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False Testimony

State v. Larry J. Sprosty, 2001 WI App 231, PFR filed

For Sprosty: Jack E. Schairer, SPD, Madison Appellate

Issue: Whether an expert witness’s testimony should have been struck retrospectively when it became known, after the proceeding had concluded, that he had lied about his credentials and background, and had committed misconduct, causing him to be fired.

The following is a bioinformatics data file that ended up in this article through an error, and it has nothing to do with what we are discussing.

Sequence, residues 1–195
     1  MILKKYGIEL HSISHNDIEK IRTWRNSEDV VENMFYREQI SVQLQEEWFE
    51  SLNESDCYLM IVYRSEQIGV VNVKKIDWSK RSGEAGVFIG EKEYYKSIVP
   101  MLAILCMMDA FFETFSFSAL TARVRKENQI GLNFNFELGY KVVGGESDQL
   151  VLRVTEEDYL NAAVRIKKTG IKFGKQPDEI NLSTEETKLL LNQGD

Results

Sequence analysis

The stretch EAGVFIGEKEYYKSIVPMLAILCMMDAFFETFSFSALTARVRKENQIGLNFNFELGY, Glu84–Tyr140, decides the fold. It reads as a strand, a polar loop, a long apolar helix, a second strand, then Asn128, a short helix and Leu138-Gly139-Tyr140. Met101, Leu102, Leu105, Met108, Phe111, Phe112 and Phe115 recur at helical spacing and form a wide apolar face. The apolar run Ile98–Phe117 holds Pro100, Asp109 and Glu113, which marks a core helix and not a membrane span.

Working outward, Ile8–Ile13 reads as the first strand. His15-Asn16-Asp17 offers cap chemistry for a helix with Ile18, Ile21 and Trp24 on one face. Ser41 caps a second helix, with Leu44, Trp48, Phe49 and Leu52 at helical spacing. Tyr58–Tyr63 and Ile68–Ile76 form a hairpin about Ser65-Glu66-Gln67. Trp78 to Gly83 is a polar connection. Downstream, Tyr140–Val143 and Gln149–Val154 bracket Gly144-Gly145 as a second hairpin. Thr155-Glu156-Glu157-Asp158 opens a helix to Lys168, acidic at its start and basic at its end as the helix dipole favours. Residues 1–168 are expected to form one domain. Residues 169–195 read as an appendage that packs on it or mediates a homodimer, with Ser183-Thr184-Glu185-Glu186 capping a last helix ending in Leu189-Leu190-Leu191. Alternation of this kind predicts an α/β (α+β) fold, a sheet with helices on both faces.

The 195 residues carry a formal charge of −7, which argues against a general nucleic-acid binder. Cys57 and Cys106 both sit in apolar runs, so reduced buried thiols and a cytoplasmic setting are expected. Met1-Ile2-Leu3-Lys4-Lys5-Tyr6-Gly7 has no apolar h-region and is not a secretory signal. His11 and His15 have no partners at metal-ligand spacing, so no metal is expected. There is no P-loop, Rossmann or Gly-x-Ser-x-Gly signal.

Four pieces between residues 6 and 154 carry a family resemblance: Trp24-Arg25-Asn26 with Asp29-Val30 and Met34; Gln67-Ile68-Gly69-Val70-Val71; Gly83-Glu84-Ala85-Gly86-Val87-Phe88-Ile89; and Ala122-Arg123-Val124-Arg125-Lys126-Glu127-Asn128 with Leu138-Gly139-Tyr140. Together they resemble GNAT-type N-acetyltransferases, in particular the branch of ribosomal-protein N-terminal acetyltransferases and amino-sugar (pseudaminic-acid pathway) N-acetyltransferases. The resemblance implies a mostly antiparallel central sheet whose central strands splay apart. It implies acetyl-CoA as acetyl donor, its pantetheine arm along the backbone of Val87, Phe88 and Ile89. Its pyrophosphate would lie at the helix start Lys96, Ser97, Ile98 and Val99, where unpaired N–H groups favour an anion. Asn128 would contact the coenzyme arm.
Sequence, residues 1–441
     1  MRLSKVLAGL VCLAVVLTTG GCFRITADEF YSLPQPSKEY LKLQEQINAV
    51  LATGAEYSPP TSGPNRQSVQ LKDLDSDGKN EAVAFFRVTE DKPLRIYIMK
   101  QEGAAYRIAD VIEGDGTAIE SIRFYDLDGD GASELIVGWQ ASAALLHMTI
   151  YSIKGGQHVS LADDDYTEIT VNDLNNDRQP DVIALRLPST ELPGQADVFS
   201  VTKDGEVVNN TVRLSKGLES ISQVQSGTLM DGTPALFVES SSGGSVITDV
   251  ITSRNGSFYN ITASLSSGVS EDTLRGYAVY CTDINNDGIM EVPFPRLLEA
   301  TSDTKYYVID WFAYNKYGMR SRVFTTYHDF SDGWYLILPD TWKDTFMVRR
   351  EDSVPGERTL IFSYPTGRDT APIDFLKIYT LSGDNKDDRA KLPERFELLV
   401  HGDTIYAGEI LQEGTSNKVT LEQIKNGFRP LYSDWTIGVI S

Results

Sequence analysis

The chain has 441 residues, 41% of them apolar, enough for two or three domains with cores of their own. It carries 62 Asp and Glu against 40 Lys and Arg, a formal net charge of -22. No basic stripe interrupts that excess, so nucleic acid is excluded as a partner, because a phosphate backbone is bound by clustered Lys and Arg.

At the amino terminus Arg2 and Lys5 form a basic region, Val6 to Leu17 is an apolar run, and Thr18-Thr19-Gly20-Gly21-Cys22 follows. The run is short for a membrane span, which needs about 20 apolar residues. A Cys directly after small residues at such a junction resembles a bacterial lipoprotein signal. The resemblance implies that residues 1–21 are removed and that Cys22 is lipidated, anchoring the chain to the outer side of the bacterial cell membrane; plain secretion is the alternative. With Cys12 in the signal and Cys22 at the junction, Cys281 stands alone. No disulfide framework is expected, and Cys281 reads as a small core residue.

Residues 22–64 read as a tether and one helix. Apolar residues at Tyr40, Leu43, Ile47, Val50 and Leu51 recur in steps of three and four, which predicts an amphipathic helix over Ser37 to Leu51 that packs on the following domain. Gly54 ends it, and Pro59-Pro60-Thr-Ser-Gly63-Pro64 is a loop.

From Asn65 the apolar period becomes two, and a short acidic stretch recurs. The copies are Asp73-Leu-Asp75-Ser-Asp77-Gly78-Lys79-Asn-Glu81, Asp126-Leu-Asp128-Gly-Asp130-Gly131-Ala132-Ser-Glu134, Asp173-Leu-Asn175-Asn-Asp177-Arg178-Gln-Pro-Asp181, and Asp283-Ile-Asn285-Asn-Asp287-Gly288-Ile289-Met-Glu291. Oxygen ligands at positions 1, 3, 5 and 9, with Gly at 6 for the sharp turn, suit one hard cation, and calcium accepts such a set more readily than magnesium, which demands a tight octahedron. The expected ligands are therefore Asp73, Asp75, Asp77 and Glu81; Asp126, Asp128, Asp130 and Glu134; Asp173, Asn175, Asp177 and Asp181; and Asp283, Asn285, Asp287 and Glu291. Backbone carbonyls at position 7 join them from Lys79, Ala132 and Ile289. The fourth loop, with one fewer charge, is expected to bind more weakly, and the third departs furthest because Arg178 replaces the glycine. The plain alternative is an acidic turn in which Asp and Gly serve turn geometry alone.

Holding: “¶33. We cannot conclude that the circuit court’s refusal to strike Thomalla’s testimony was improper. While Thomalla’s past misconduct and misleading testimony may have impaired his credibility, it does not make his testimony incredible as a matter of law. See In re Spengler, 228 Wis. 2d 250, 258, 596 N.W.2d 818 (Ct. App. 1999) (holding that court of appeals may not reverse circuit court’s determinations regarding credibility unless the witness is credible or incredible as a matter of law). First, we agree with the circuit court that although Thomalla may have given inaccurate testimony regarding his job titles and the length of time he held a particular job, there is no dispute that he is a licensed psychologist or that he has experience evaluating sexually violent persons. Second, we are not convinced that Thomalla’s dishonesty regarding his curriculum vitae suggests his opinion regarding the likelihood that Sprosty will reoffend is similarly unreliable.” Nor did belated revelation of these matters deny Sprosty effective cross-examination: The possibility that the witness thought he could save his job by giving favorable testimony to the state is speculation; and, there was no prejudice from being unable to cross-examine on inaccuracies in the witness’s curriculum vitae. ¶37.

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